Cyclingnews is reporting that Tyler Farrar, the 29 year old sprinter/classics-rider is currently unsure of his future. He has not yet been offered an extension at Garmin-Sharp and it doesn't sound as if he has other offers either at the moment. Having had two difficult seasons since the death of Wouter Weyland for all sorts of reasons he predictably isn't too hot an item on a transfer market that seems a bit of a buyer's market with riders from folding teams flooding the market and no big new projects starting up.
Being an old PdC favorite this brings the question: Would you take a gamble on Farrar if you managed a team? Also, which teams could see it as a smart move to sign the guy who is obviously a bit of an unknown quality?
- The guy has proven for years that on his good days he actually has the speed to be competitive even against a man like Cav . And it wasn't any fluke either, he was performing dependently for years.
- He is a solid double threat. He was turned into a sprinter almost by accident but at heart he is a classics man. Living in Gent and steeped in the Belgian style of racing he has a solid if not brilliant record in the spring.
- Bargain time! Sorry to say for the guy but the reality of the value of your next contract is 99% based on your recent results. And Farrar has none, basically. If he wants to ride top level he will have to take a pay cut. Bad for him, an opportunity for managers.
- Proven yes, but that was some time ago now. In most races recently he has been a non-factor. In the CN piece he paints that as being in a rebuilding year from injuries and that may be but for sprinters that "Best-before:"-date is a thing to keep in mind as they start approaching their thirties.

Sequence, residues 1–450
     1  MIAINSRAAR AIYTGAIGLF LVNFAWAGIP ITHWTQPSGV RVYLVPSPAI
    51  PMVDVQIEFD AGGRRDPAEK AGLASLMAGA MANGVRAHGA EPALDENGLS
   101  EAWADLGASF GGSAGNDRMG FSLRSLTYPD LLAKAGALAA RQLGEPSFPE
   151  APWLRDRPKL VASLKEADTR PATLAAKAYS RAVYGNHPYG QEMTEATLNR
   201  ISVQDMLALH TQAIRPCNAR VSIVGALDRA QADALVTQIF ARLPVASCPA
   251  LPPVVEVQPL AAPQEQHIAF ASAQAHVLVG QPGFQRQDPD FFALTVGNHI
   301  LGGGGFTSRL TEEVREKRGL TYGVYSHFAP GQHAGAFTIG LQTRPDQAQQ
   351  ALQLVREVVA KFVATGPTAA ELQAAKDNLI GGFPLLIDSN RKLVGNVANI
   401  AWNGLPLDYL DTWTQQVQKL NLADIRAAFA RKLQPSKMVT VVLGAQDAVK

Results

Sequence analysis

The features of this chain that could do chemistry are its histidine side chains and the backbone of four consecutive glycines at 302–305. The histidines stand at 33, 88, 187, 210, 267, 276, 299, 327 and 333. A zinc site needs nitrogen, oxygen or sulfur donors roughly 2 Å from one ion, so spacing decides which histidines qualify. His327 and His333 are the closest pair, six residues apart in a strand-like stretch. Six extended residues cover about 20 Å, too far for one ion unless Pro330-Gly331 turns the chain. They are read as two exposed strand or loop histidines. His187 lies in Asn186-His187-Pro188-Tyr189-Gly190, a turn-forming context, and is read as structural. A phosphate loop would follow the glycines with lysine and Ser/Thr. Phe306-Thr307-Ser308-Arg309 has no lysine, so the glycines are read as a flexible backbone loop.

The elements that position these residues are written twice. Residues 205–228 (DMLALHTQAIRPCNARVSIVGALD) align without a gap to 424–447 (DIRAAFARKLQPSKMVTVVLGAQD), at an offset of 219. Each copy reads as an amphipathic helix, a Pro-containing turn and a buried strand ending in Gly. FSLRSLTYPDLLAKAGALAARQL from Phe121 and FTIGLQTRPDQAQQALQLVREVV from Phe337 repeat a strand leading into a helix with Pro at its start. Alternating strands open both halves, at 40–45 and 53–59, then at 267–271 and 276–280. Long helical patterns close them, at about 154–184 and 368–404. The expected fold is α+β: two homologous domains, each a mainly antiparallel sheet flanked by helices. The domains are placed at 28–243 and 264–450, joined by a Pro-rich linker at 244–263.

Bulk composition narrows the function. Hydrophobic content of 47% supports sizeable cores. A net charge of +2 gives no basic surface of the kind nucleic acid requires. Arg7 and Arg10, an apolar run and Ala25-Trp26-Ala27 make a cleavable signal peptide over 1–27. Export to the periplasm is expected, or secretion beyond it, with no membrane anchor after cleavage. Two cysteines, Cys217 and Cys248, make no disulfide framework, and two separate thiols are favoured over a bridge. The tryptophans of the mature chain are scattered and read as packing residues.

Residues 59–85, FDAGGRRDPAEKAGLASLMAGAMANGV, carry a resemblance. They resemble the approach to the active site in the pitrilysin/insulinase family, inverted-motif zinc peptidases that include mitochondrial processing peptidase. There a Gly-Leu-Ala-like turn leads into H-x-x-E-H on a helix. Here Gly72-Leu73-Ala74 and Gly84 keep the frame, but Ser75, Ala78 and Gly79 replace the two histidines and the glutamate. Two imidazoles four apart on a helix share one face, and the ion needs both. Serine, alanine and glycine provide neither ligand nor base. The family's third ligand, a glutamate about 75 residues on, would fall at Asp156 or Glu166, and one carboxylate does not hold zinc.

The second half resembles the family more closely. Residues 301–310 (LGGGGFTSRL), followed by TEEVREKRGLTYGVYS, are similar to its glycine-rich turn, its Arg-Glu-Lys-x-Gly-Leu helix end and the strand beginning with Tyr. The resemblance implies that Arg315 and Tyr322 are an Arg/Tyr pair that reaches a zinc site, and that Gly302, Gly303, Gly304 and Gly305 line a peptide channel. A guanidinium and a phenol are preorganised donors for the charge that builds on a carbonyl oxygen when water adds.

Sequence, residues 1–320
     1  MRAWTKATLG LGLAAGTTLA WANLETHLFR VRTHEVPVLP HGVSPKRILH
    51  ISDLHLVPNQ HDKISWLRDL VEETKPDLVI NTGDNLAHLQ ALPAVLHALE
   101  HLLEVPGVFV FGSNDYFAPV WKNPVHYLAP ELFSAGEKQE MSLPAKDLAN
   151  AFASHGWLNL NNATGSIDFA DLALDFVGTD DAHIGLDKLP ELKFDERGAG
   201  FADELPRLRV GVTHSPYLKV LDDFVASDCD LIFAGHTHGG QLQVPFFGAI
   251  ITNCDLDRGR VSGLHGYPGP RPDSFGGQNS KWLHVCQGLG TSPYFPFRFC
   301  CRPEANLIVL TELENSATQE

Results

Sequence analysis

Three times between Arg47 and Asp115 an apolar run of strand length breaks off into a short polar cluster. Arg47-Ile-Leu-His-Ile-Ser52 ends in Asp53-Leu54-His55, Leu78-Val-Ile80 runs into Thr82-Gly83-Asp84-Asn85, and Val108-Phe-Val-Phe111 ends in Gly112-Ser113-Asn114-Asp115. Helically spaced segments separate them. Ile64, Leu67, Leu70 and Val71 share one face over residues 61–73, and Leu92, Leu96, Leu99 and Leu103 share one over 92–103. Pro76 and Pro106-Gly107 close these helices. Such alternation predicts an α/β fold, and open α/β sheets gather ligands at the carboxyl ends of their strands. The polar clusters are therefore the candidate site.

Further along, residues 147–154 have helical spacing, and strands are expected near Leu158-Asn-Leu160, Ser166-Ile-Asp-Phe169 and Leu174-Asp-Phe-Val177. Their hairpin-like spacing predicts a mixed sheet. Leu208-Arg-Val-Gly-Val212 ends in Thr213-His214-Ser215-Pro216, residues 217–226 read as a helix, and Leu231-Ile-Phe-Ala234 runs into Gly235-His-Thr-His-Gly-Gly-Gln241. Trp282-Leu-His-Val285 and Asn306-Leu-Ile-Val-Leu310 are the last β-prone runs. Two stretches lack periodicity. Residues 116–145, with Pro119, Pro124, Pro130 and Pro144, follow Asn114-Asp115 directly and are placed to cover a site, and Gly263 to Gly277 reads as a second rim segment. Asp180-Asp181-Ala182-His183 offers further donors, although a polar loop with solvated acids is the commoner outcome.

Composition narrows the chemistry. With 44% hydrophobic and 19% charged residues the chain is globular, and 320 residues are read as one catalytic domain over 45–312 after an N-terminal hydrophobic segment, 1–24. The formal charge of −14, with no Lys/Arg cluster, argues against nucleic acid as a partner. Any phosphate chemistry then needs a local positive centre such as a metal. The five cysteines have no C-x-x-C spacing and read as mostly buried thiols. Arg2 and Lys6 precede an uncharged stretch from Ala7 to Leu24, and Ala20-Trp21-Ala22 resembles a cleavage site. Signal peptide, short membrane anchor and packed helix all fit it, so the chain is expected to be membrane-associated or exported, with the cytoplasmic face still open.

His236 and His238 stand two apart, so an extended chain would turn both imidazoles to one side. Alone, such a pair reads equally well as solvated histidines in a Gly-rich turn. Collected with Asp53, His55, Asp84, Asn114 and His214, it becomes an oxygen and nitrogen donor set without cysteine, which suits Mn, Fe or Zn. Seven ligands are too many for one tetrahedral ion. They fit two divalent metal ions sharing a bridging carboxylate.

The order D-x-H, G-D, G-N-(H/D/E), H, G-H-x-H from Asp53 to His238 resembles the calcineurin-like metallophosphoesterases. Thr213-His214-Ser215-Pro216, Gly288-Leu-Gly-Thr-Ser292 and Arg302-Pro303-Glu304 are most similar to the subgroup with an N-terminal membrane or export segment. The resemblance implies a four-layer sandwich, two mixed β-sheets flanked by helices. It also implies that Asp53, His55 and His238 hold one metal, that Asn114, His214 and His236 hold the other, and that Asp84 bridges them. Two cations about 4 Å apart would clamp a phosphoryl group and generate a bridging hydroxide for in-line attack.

- Double threat as he may be he didn't really thrive when he focused on the classics and going back to the sprint focus hasn't really panned out either. Today he looks a little like a guy who isn't terribly successful as either.
- Sprinting ain't what it used to be. Since Farrar had his best results we've seen the emergence of Sagan and Kittel, Greipel has elevated to another level with a Lotto-train that is among the best and we've got a truckload of young guys knocking seriously on the door. And let's face it, sprinting is a young man's game.
- Where is his mind? Ever since I can remember the criticism and skepticism surrounding Farrar has been about his mental attitude and his racing intelligence. Since the crash and death of his friend and training partner Weylandt that has only become a bigger issue. Whether that is just speculation in the fan discussions or whether it is actually something that is on the mind of Tyler himself is hard to know but it is a genuine concern. Top level cycling, sprinting in particular, is not a game for the less than 100% committed. Only bad things can come from it.
Being a long time favorite of mine I'd like to see the guy get a second chance. He is comfortable in the familiar Garmin surroundings but perhaps a move wouldn't be the worst idea. A team that needs a co-captain/fast-man for the spring classics and can afford to take a chance on a guy who they can't put tons of pressure on could do very well with Farrar but it's by no means a sure thing. I want to say a team like IAM for example. Haussler/Farrar is not a bad combo and they seem to have a little of the small team feel that Farrar has thrived in before. I'm not entirely sure that he will find a ride though. Would you hire the guy?